Boris Johnson accuses Corbyn of ‘playing Russia’s game’ over spy poisoning
The Foreign Secretary has been accused of misleading the public over evidence in the Salisbury attack.
Boris Johnson has attacked Jeremy Corbyn for “playing Russia’s game” after the Labour leader accused him of “exaggeration” over evidence that Moscow was to blame for the Salisbury poisoning.
The Foreign Secretary has come under fire after an announcement on Tuesday that Porton Down scientists had not verified the source of the Novichok nerve agent believed to have been used in the March 4 attack on Sergei and Yulia Skripal.
Mr Corbyn said the Tory either had information that he had not shared with the laboratory or it was a “bit of exaggeration” and called for a “responsible” approach to the situation.
It is lamentable that Jeremy Corbyn is now playing Russia’s game and trying to discredit the UK over Salisbury attack.— Boris Johnson (@BorisJohnson) April 4, 2018
Let’s remember the key facts:
During a local election campaign visit to Watford, Mr Corbyn said: “He claimed categorically – and I think he used the words 101% – that it had come from Russia. Porton Down have not said that, they said that they’ve identified it as Novichok, they cannot identify the source of it.
“Either the Foreign Secretary has information that he’s not sharing with Porton Down or it was a bit of exaggeration. I don’t know which it is, but I think we need a responsible, cool approach to this.”
1) Porton Down identified nerve agent as military grade Novichok; 2) Russia has investigated delivering nerve agents,likely for assassination,& as part of this programme has produced and stockpiled small quantities of Novichoks; 3) Russia has motive for targeting Sergei Skripal.— Boris Johnson (@BorisJohnson) April 4, 2018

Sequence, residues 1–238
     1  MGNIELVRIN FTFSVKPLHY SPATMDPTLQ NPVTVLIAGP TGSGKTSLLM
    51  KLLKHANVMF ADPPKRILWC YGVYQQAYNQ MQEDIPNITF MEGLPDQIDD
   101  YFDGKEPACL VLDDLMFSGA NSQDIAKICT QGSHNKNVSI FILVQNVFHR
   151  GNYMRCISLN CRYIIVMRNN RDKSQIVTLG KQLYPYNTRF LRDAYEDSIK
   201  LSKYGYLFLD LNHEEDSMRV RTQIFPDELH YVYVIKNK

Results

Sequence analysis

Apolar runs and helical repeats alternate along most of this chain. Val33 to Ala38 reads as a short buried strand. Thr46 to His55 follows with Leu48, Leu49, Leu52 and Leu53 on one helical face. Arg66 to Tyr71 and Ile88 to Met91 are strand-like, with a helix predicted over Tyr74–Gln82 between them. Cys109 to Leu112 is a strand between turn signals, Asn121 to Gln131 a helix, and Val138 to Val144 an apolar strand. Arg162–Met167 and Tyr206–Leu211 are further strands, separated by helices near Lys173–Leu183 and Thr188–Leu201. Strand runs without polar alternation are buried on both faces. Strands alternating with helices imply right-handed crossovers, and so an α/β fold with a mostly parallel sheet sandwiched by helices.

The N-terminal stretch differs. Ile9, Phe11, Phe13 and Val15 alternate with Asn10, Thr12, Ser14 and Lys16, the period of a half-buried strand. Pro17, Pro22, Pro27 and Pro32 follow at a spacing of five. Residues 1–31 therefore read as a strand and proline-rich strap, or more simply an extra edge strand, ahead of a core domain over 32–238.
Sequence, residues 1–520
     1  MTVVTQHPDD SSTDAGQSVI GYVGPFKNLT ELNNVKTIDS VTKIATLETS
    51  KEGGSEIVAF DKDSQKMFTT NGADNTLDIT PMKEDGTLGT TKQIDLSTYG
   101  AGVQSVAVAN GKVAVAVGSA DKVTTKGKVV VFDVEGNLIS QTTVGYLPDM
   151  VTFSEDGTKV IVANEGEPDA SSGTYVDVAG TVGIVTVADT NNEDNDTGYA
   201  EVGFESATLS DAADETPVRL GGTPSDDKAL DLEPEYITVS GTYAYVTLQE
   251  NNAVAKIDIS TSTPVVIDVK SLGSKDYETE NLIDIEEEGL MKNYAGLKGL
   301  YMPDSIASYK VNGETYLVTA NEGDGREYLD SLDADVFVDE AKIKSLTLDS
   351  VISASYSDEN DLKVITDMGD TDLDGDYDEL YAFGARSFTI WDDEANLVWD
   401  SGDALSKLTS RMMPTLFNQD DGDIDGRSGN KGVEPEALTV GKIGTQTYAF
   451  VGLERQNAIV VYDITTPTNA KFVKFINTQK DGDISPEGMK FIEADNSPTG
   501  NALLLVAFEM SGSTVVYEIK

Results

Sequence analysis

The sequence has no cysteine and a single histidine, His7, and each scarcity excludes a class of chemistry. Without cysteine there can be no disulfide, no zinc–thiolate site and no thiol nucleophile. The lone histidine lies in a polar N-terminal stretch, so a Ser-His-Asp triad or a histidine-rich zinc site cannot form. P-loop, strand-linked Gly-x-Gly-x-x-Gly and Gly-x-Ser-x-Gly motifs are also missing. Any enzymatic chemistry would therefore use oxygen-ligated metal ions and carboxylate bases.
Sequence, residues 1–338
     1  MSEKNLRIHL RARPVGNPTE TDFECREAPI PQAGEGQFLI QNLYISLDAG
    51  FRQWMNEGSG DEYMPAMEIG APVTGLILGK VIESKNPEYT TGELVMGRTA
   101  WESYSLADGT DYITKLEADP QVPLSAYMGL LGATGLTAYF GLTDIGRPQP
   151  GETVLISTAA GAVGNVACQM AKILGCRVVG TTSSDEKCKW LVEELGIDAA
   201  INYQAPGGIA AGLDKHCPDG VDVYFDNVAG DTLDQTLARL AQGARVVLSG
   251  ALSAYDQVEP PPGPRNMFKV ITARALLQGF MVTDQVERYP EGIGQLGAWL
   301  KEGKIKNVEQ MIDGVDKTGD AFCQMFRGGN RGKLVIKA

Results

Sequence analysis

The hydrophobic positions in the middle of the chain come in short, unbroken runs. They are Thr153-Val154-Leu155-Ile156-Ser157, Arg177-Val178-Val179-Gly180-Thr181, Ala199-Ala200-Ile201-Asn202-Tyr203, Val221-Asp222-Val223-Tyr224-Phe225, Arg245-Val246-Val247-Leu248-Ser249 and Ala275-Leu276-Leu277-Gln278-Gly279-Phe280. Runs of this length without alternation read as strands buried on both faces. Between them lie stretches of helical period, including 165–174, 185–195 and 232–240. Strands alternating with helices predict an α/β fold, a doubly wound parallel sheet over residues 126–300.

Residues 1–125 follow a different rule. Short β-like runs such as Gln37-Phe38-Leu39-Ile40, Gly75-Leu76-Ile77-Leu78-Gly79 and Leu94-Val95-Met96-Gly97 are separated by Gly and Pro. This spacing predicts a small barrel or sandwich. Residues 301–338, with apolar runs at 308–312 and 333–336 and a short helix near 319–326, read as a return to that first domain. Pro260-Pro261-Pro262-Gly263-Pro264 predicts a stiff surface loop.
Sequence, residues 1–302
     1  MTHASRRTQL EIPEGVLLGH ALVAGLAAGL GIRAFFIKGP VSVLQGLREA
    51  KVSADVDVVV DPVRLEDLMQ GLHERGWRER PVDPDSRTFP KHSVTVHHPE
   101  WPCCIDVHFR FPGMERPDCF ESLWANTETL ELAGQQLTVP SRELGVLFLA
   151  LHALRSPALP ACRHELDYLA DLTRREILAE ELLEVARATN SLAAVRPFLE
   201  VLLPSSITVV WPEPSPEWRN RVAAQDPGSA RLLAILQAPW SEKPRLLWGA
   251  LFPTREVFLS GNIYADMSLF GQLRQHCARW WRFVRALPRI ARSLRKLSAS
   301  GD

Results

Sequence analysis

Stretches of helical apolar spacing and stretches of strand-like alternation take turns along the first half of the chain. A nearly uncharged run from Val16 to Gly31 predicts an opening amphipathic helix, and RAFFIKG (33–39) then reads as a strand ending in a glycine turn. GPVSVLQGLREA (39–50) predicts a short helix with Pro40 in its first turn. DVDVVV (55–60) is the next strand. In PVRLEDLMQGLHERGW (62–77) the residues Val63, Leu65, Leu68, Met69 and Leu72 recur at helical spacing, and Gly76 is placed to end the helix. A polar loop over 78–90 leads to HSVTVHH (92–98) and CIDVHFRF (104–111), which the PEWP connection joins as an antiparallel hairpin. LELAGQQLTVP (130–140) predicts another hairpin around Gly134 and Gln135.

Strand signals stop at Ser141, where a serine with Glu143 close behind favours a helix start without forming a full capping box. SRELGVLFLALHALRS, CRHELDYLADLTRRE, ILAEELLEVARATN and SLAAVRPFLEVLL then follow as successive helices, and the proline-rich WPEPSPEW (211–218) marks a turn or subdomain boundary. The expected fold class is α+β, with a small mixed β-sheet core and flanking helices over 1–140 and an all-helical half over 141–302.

In an interview on German TV on March 20 when he was asked why the UK believed that Russia was the source of the nerve agent, Mr Johnson said: “The people from Porton Down, the laboratory, they were absolutely categorical. I asked them that myself. I said ‘Are you sure?’. He said ‘There’s no doubt’.”
The Foreign Secretary hit back at Mr Corbyn over the row and accused him of “playing Russia’s game”.
In a series of tweets, Mr Johnson said: “It is lamentable that Jeremy Corbyn is now playing Russia’s game and trying to discredit the UK over Salisbury attack. Let’s remember the key facts:
“1) Porton Down identified nerve agent as military grade Novichok; 2) Russia has investigated delivering nerve agents, likely for assassination, & as part of this programme has produced and stockpiled small quantities of Novichoks; 3) Russia has motive for targeting Sergei Skripal.
“28 other countries have been so convinced by UK case they have expelled Russians. In contrast, Jeremy Corbyn chooses to side with the Russian spin machine.”
Shadow home secretary Diane Abbott said Mr Johnson seems to have “misled the public” and claimed he has shown repeatedly that he is unable to represent the country “responsibly”.
Meanwhile, a message stating that Porton Down had established that the Novichok nerve agent came from Russia was deleted from the Foreign Office Twitter feed.
22 March: “Porton Down lab @dstlmod clearly established that the source of Salisbury toxic agent was Russia”— Russian Embassy, UK (@RussianEmbassy) April 4, 2018
3 April: “ @dstlmod never had the task to establish the source of the toxic agent” pic.twitter.com/rVyJsbNJiG
The tweet, issued on March 22, said: “Analysis by world-leading experts at the Defence Science and Technology Laboratory at Porton Down made clear that this was a military-grade Novichok nerve agent produced in Russia.”
Explaining the deletion of the tweet, a Foreign Office spokesman said it had been an inaccurate summary of comments made by the UK’s ambassador to Russia, Laurie Bristow, at a briefing in Moscow.
Referring to Dr Bristow as “HMA” – Her Majesty’s Ambassador – the spokesman said: “A full transcript and video of the briefing have been available on GOV.UK since 22 March.
“An HMA Moscow briefing on 22 March was tweeted in real time by @UKinRussia and amplified by @foreignoffice, to explain what happened in Salisbury to as wide an audience as possible. One of the tweets was truncated and did not accurately report our ambassador’s words. We have removed this tweet.”